For my Koi Pond duffle bag, I used antique brass hardware from Emmaline Bags. They’re a large Canadian bag supply store, and they have amazing customer service and selection.
If you’re looking for bag hardware in the USA, you may want to check your local shop for ByAnnie’s hardware.
In order to complete a carrying strap, you’ll need the following:
- An extra 60” of 1.5” wide webbing
- Two rings (either triangle or D style)
- One slider
- Two snap swivel hooks
You’ll want your hardware to match the width of your webbing (1.5”)
If you want to see a quick video of me assembling one of these straps, you can check out this little reel I made.
Because I know you might be curious, I’ll let you know that I used a 30” double slide handbag zipper from ByAnnie’s in the colour Wild Plum. I think it adds a nice little pop of colour, and the nylon coil zippers are a dream to sew with.
Matching Holland Pouch
When I finished my Koi Pond duffle bag, I wanted to keep on sewing, so I grabbed some of my leftover fabric, a piece of Soft & Stable, plus a zipper and I made a coordinating Holland Pouch. Kristina’s pouch pattern is super fast to make, and creates this adorable bag!
Intro to bag making
Maybe you’re reading this and are worried that you don’t have the skills to make a bag like this? If so, I can assure you that the Patchwork Duffle is an excellent beginner bag project!
It’s a simple pattern without any unnecessary pockets, bells, or whistles, and the instructions are very clear and easy to follow. I promise you can do it!
However, much like quilting, bag making is made easier by having a few tools on hand.
Bag making tools
Here are my top 4 notions that I’d recommend for anyone about to make a bag.
1 - Wonder Clips
Give me alllll the Wonder Clips! They hold everything in place as I prepare to sew my pieces together. Just get the 100-pack and you won’t be sad!
Need a place to store them? I made a small Hello Pouch for this exact purpose (the small version holds 150+ Wonder Clips).
2 - Stiletto
My favourite tool that I never knew I needed! A friend gifted me one of these, and now I have no idea how I ever sewed without one! I have the By Annie stiletto and pressing tool and I love that it’s light and feels nice in my hand.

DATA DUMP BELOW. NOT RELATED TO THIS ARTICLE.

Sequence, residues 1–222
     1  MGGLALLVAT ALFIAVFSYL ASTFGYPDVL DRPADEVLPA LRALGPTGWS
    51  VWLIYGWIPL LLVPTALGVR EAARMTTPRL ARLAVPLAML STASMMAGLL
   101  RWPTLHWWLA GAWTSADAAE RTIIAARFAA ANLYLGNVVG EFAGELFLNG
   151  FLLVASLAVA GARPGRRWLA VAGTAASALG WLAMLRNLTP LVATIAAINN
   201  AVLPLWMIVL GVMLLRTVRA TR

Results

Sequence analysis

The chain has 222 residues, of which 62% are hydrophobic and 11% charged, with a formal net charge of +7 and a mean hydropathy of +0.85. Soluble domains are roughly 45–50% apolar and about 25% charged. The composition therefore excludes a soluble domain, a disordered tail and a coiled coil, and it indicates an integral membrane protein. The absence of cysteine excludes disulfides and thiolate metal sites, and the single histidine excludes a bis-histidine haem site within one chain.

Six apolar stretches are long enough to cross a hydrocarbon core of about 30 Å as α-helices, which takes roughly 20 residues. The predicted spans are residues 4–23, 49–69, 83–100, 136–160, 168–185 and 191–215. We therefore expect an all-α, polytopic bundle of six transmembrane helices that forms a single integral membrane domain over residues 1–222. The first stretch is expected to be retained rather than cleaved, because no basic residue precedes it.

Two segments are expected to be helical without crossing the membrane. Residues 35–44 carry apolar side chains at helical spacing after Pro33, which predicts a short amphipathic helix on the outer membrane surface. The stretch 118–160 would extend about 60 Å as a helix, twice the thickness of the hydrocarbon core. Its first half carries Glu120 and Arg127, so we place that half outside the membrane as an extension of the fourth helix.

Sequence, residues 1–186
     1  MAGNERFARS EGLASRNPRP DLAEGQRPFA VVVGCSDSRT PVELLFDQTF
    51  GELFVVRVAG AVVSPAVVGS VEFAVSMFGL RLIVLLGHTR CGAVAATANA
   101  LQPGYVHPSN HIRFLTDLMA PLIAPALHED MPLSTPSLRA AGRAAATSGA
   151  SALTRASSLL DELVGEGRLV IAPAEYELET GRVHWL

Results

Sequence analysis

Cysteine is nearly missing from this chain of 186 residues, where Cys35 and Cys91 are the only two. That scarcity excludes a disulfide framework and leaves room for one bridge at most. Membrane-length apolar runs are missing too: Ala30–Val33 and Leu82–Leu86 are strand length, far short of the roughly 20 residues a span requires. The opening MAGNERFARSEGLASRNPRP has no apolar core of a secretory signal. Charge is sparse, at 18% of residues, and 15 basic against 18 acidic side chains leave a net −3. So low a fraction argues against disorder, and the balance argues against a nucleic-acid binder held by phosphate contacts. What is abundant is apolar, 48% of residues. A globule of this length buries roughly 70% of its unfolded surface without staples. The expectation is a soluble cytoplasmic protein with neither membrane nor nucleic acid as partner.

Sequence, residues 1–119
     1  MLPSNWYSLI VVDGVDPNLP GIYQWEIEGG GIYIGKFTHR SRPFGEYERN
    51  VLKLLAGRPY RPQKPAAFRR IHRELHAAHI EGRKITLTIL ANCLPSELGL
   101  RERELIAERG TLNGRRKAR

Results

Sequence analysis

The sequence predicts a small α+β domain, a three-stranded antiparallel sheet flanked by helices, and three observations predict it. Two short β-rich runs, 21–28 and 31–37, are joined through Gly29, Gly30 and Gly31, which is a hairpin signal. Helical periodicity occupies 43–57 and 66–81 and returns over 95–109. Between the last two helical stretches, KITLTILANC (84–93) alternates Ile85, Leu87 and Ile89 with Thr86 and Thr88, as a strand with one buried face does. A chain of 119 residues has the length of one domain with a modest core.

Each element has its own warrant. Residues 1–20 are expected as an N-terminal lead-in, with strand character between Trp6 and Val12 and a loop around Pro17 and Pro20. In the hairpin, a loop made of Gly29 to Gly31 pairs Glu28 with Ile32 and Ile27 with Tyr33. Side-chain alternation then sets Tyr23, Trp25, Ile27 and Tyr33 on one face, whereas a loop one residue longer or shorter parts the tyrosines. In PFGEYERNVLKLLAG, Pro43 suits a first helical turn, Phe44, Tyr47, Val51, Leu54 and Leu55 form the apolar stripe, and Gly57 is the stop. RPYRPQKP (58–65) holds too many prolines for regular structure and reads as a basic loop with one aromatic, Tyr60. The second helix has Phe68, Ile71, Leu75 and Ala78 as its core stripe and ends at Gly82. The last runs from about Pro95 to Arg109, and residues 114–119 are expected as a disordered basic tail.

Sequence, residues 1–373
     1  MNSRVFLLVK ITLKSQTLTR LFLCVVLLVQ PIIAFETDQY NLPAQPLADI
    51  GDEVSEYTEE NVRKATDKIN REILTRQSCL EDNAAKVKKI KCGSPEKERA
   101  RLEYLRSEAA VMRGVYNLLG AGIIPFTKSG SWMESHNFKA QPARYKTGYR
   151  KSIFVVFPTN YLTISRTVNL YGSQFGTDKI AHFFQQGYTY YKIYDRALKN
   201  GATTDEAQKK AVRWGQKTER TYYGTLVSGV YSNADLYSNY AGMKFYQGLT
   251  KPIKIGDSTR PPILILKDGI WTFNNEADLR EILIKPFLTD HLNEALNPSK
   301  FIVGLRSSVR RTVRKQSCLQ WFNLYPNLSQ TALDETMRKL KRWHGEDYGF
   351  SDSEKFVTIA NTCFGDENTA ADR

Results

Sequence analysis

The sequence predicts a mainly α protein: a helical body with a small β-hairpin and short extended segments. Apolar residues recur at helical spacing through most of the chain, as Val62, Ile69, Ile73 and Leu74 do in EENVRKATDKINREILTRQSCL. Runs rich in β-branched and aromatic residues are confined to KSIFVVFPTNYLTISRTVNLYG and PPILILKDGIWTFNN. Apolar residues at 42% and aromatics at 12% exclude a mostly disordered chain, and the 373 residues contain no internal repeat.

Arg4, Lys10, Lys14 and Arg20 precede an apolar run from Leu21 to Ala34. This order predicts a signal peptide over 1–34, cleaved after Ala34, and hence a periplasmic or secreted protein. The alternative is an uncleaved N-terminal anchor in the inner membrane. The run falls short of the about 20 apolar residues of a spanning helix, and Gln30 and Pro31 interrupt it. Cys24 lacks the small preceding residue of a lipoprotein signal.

If that one’s out of stock, here’s a good alternative.
This pen is magic in that it *just works*. I’ve tried so many different fabric pens that either ran out of ink (or whatever’s inside them) when I needed them most, or refused to leave a mark on my fabric.
This pen leaves a very visible line, glides easily over fabric, and the marks disappear within a few hours to a few days. I’ve used it on white fabrics and dark ones, and it’s the first thing I reach for when I need to mark the center of a panel!
4 - Handbag Zippers
If the thought of sewing a zipper gives you anxiety, I first want to tell you that they’re not that scary. You can definitely do it!! And when you learn this skill, you’ll feel like you’ve unlocked a whole new universe of patterns.
But if you want the best advantage when learning this trick, I’d recommend that you use a handbag zipper. They have extra wide tape, which makes inserting them a breeze. Plus, they have these large pulls that make it easy to grab (or attach a cute zipper pull).
Hot tip: Because they’re made with soft vinyl teeth, they can be cut down to make smaller individual zippers. If you purchase a 30” handbag zipper, you can make two 15” zippers, or a 20” and a 10”, etc. Or, the very best bang for your buck is the Zipper By the Yard. Imagine all the projects you could make!
Canadian source for bag making supplies
Did you know that we have a fabulous, one-stop-shop for all of our bag-making needs right here in the Great White North? (I’m currently sitting here in the middle of a multi-day April snowstorm)
Emmaline Bags is based out of Edmonton, and they have everything you could ever need for dipping your toe into the world of bag projects.
- A million bag patterns
- The cutest hardware you’ve ever seen (rainbow iridescent? yes please!)
- Fabric including cork and canvas
- Their own interfacing that is better and less expensive than Pellon products, and
- A great learning centre that will show you some fundamental skills
Have you ever made a Patchwork Duffle or a Holland Pouch? Or are you dreaming of making one? Let me know in the comments below!